When Steve Jobs took the stage for his keynote address at Apple’s annual developers conference last week, he had plenty to say about the new iPhone 4, calling it “the most precise, beautiful thing we’ve ever designed.” He waxed on about its mind-blowing video-chat features and its gorgeous display—even though the Wi-Fi connection failed during his demo. He didn’t neglect the iPad, either, pointing out that Apple has sold 2 million in two months—or about one every three seconds. But Jobs didn’t say one word about the venerable old Mac, even though the conference used to be the place where Apple showed off the new features coming to its line of computers.
It’s a sign of the times. Right now the computer industry is undergoing one of its periodic upheavals in which an aging platform is swept away and replaced by something newer, cheaper, and better. In this case, the victim is the personal computer. Just as mainframes gave way to minicomputers and minicomputers gave way to PCs, the PC is about to be eclipsed by mobile devices. Apple’s new smash-hit product, the iPad, might seem like a toy, but soon it and other mobile devices will become our primary computers, replacing laptops and even desktop machines.
And just like the last time around, a battle is brewing to see which company will rule the industry. During the PC wars, Microsoft triumphed, ending up with 90 percent market share, which left Apple with table scraps. In mobile, Jobs sees a shot at redemption. But this time he faces a new opponent, Google, whose mobile operating system, called Android, has emerged as the biggest rival to Apple.
As the presence of Google indicates, it’s not just the machines that are changing: the industry’s entire business model has been transformed. Instead of laying out big bucks for a huge personal computer that can store hundreds of gigabytes of data, we’ll end up using lots of simple, inexpensive mobile devices—appliances, really—to manage photos and videos and music that will be stored online, somewhere out on the Internet cloud. For computer makers, the money will be made not just in the device itself but also in the applications and content and services that can be sold around it, as well as the advertising that can be delivered through those shiny little screens. “The times they are a-changin’,” Jobs told a blogger in a recent e-mail exchange, “and some traditional PC folks feel like their world is slipping away. It is.”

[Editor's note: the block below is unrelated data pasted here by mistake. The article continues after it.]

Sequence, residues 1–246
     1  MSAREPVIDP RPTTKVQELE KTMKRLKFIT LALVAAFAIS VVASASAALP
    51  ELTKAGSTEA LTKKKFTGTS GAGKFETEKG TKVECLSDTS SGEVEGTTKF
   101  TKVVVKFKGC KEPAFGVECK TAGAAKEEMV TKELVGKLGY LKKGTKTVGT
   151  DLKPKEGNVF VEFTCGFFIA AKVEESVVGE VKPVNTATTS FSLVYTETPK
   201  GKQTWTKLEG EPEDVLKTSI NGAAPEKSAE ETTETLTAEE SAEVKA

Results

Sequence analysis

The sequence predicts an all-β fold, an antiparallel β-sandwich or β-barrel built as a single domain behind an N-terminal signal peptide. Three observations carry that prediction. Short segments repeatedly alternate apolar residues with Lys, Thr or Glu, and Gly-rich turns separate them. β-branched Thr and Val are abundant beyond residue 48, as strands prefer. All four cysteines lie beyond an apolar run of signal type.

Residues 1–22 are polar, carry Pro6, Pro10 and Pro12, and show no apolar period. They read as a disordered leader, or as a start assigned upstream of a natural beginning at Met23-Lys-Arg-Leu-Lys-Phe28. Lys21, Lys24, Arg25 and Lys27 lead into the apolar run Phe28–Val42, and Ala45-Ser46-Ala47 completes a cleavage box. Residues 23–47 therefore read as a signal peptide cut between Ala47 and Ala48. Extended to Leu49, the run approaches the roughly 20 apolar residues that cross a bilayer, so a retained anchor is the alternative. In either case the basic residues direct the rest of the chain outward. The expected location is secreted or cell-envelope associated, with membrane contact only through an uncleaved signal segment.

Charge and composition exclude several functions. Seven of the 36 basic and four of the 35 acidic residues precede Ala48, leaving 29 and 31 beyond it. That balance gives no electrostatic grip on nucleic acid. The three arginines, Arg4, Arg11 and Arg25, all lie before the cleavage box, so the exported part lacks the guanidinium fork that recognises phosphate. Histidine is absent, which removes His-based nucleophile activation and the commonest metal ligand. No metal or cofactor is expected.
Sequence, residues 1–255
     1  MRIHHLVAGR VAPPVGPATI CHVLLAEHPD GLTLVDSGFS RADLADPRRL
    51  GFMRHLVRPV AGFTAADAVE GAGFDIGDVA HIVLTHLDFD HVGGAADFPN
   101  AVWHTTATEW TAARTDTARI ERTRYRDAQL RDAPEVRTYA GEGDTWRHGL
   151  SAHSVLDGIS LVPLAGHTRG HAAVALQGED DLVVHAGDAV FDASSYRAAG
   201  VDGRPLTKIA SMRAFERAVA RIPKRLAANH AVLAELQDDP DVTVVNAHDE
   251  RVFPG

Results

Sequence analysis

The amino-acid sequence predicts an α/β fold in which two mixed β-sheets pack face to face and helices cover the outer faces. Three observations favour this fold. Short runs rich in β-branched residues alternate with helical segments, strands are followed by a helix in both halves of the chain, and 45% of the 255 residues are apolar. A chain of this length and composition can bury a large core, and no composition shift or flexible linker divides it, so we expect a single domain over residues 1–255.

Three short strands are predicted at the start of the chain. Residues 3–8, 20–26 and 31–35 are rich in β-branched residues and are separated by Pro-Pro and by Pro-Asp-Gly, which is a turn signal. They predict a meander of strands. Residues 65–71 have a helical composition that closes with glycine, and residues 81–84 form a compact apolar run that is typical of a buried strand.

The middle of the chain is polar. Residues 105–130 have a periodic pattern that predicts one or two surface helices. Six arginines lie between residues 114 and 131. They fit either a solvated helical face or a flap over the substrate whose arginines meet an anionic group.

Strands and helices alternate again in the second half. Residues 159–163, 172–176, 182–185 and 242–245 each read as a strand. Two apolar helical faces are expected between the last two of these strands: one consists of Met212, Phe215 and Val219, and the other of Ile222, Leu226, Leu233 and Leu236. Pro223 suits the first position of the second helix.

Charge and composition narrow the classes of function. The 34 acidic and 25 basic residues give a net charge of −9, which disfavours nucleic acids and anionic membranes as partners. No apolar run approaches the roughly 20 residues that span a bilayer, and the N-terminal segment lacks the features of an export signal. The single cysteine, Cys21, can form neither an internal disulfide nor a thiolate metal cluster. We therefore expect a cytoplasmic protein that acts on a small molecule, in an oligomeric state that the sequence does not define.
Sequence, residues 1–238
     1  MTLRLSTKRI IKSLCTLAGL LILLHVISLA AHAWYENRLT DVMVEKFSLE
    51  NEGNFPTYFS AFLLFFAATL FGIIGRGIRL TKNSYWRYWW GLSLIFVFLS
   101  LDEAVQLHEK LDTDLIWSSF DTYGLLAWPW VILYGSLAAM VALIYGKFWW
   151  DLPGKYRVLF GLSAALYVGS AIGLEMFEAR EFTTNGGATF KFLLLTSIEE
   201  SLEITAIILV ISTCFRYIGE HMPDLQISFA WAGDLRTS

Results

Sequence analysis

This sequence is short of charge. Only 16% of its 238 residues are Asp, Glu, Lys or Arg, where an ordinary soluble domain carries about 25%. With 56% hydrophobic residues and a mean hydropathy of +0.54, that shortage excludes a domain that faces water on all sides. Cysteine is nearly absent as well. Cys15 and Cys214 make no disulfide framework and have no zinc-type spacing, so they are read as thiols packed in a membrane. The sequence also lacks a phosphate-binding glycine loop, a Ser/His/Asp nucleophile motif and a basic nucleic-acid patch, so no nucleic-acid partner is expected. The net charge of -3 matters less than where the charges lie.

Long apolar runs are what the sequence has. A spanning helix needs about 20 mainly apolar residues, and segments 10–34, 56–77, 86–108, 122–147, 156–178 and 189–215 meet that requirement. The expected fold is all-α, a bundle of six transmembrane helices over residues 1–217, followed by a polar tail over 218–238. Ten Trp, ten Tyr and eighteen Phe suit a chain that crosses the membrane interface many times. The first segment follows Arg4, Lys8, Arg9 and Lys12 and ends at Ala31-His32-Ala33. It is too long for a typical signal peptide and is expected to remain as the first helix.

Laptops and desktops aren’t going away overnight, of course. But a glance at Apple’s revenue by product line shows just how much the times have already changed. Sales of Macs are slowing while revenue from the iPhone is booming, up from $631 million in 2007 to an estimated $21 billion this year. Next year, mobile devices will represent roughly half of Apple’s total business—and deliver twice the sales of Macs, according to RBC Capital Markets.
The mobile space also offers something that Jobs craves: control. Unlike being able to buy pretty much any software program you want for the personal computer, with the iPad you’re locked in. There’s only one place to buy apps: Apple’s online App Store. And Jobs keeps a 30 percent cut of the revenue. As for ads, Jobs will sell those, too, and he’ll keep 40 percent. Of course, Jobs also sells music, movies, and books via his iTunes Store, keeping 30 percent. So instead of a one-time sale of a Mac, each iPhone and iPad becomes an ongoing revenue stream. No wonder Jobs is going all-in for mobile.
Only one thing stands in his way, but it’s a big thing: Google. Once an Apple ally—Eric Schmidt, Google’s CEO, used to sit on Apple’s board of directors—Google is now Apple’s biggest rival. Both companies want to dominate the mobile era the way Microsoft dominated the PC era. Oddly enough, today’s battle looks like a scene-for-scene replay of the PC battle. Apple, as before, won’t license its operating software to other hardware companies and wants to do everything itself. Google, in the role previously played by Microsoft, doesn’t make hardware, distributes its software widely, and lets partners modify its code however they like.
Both approaches have their virtues. Apple delivers a gorgeous user interface, where “everything just works,” as fans like to say. Google’s approach is messier, even chaotic. Its user interface isn’t as polished as Apple’s. But proponents of Google’s approach say that a teeming world of rival code writers and phone makers can innovate faster than any single company.
They may have a point. Right now the most advanced smart phone on the market is arguably not the new iPhone 4 but rather an Android device called the EVO 4G, made by HTC, a Taiwanese company. That phone has front and rear cameras, and shoots hi-def video, just like the new iPhone 4. But the EVO has a bigger display, its camera shoots in higher resolution, and it can turn itself into a mobile Wi-Fi hotspot, something the iPhone 4 can’t do.
Geeks can, and do, argue over the merits of these phones. But the fact that the two are close enough to be compared side by side is what should have Apple worried. And these are early days. My sense is that over the next 12 to 18 months, Android will surge past Apple the way Microsoft Windows surged past Apple in the 1990s.
Speaking of Microsoft, what happened to those guys? A mobile version of Windows is supposed to ship by the end of this year. But will anyone care? After a disastrous decade of stumbles, Microsoft finds itself so far behind Apple and Google in mobile that it may never be able to catch up. As Jobs said, the times they are a-changin’.
With Nick Summers